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Garth Snow's poker game and the #1 pick

"There needs to be a level of trust with the fans and myself and the organization that whatever decision we make is in the best interests of the club. ... I love interacting with our fans, and I think I have a great relationship with our fan base. I could never do anything that doesn't serve the best interests of the organization."

>>Garth Snow, as quoted by Greg Logan

Oh-ho-ho, Garth, you wily dog, you. Regarding the anxiety/drama/tragedy of the Islanders' 1st overall pick, I thought Doug said it best: "Garth Snow and his scouting/draft staff are some of the best poker players on the planet and should consider a career change after this is all over."

Indeed. Snow has spun this situation masterfully, keeping even the ever-connected Bob McKenzie guessing. Chris Botta has quipped a few times that, after it's all said and done, all Snow has accomplished was a display of his poker traits. Yet in the same breath, Botta acknowledges Snow could indeed be targeting Duchene. (Gallery: "Or Hedman!")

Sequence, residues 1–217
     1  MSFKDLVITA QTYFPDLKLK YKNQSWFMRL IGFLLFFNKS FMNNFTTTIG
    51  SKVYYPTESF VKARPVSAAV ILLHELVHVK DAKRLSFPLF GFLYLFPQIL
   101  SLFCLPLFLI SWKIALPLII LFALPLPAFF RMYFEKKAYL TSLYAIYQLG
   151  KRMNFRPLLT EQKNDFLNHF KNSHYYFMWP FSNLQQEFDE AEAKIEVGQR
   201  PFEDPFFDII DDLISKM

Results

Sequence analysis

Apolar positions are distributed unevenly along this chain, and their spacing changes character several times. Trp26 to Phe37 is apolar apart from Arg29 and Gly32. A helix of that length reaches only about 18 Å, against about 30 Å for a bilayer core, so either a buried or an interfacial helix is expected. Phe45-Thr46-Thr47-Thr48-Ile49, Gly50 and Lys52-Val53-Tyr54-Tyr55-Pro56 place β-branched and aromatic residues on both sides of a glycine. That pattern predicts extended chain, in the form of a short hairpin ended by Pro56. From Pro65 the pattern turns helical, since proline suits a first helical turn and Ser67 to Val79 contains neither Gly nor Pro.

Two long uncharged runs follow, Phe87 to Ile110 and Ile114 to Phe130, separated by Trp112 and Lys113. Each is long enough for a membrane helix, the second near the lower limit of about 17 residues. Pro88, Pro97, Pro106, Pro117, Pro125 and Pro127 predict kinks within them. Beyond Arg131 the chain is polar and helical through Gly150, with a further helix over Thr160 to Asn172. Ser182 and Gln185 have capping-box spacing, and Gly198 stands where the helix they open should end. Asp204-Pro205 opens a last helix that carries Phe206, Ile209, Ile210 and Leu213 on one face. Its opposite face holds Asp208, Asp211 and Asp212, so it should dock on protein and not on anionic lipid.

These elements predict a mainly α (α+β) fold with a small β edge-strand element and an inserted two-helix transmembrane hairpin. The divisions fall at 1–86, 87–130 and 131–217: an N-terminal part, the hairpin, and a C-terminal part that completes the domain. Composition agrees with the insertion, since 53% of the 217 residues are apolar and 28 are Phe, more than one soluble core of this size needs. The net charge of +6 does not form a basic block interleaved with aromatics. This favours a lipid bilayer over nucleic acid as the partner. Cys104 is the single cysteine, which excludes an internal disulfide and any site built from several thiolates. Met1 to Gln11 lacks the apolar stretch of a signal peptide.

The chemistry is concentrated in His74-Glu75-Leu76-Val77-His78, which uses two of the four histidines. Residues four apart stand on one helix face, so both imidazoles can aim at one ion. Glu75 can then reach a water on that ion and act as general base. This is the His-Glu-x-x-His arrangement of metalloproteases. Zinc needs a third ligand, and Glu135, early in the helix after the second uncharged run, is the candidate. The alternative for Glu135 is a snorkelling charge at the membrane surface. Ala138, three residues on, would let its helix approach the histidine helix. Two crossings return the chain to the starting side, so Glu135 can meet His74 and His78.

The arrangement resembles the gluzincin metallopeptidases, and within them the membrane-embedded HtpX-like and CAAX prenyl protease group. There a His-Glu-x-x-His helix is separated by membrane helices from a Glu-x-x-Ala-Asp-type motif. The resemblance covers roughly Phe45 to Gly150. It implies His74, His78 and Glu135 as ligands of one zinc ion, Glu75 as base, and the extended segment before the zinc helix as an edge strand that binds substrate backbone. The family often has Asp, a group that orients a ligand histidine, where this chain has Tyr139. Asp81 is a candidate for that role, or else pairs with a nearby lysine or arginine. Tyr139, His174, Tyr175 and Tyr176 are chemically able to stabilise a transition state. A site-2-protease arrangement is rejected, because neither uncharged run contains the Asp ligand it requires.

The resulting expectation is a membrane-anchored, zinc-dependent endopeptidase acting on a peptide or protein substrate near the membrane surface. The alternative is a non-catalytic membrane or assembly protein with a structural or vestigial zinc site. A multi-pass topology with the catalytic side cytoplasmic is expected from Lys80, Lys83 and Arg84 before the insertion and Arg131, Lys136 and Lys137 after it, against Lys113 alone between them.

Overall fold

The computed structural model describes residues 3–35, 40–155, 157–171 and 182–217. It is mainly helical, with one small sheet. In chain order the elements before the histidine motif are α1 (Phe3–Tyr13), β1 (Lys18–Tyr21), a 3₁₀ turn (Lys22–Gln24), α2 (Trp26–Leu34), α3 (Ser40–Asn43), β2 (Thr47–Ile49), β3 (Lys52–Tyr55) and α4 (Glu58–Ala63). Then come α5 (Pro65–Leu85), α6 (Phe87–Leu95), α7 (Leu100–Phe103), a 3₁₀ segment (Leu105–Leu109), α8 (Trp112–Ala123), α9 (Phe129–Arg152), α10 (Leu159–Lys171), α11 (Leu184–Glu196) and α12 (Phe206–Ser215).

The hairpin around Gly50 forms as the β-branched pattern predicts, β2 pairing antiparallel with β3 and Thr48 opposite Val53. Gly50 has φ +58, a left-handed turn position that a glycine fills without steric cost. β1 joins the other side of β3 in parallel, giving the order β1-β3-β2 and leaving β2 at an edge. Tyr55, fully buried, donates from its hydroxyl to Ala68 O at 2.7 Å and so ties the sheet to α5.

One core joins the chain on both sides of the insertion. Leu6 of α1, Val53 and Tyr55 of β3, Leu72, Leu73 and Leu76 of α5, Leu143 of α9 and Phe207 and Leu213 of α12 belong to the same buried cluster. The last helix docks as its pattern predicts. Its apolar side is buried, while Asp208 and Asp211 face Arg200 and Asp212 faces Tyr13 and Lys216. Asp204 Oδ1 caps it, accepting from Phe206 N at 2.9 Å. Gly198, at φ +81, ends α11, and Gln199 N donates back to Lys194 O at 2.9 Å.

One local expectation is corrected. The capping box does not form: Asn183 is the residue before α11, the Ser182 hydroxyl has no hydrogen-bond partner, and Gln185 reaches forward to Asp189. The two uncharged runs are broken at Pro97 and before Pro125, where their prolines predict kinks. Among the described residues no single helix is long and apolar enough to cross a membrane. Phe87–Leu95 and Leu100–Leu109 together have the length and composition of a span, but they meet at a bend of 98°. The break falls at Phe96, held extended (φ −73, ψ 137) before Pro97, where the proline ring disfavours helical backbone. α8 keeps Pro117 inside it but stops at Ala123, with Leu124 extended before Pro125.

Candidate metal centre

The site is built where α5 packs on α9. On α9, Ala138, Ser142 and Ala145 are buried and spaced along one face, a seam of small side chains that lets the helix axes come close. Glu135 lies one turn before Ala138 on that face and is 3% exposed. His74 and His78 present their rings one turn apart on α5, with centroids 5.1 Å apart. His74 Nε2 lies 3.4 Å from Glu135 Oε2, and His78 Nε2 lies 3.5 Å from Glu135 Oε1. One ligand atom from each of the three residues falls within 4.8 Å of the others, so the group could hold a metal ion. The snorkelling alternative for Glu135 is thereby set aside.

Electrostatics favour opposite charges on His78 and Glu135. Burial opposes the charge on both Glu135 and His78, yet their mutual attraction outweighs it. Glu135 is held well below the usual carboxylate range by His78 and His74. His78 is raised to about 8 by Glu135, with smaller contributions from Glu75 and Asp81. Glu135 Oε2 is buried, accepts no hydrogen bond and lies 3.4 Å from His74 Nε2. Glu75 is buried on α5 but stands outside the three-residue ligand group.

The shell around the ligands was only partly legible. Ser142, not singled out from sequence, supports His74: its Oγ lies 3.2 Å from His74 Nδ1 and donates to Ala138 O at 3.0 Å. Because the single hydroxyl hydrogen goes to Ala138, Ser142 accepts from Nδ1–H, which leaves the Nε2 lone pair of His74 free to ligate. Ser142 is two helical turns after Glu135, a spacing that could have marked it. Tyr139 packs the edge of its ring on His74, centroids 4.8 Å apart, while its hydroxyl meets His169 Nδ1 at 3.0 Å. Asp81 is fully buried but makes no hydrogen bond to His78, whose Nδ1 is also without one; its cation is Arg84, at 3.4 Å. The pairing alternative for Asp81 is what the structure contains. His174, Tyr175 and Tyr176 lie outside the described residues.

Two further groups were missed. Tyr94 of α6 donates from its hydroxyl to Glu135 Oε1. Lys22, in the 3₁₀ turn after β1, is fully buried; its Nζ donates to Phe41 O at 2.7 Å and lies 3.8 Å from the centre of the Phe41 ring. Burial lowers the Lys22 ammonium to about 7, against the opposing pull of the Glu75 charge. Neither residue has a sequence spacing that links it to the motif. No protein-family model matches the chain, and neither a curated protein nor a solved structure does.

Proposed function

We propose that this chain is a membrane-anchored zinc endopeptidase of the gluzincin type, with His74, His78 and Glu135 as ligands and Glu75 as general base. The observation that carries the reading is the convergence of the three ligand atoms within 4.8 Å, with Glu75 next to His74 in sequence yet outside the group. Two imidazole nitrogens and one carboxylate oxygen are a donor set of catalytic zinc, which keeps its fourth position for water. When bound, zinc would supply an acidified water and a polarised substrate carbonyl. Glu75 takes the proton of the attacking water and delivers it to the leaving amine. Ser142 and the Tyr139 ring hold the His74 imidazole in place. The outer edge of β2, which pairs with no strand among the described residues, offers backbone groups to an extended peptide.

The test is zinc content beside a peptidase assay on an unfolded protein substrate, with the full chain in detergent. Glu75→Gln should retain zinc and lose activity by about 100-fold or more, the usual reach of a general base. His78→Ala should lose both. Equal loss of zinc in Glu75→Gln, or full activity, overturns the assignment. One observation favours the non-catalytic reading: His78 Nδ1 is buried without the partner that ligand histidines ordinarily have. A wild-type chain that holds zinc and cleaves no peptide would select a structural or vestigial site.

So what's to lose? Why not play this out until the end, in case an itchy GM bites? I see there's a rookie GM in Colorado, and an unproven one in Tampa Bay. I also see Snow has repeatedly said he doesn't foresee himself dealing the #1 pick -- which itself could be just one more smokescreen. (As if Snow ever shares what he does foresee.)

Sure, if one of those two GMs wants to swap, there's probably not much on offer. But an asset is an asset. The sheen of snagging the #1 pick can be a feather in a new GM's cap. If the Lightning could get Tavares, imagine how they could shop him for assets from, say, a blustery GM in Toronto.

True, the likeliest scenario is still that Garth Snow is going with John Tavares but wants to keep fans -- and other teams -- guessing that maybe he really wants the other two.

But there's nothing wrong with this. You have the first pick, you have three top prospects about whom reasonable people differ -- why not play from your position of strength? Because if you can believe that it's plausible that the Islanders, given their choice, really want Matt Duchene, is it not also plausible that Colorado or Tampa Bay secretly covet a specific guy, too? Is it not also plausible that they, too, are showing no preference so as not to weaken their own bargaining position?

This is likely much ado about nothing. But it's created some buzz that's more fun than "Seen Stamkos?" in my book. And it's allowed each GM to practice his poker face. Maybe that won't matter on draft day, maybe it will. But I can't blame a gal for trying.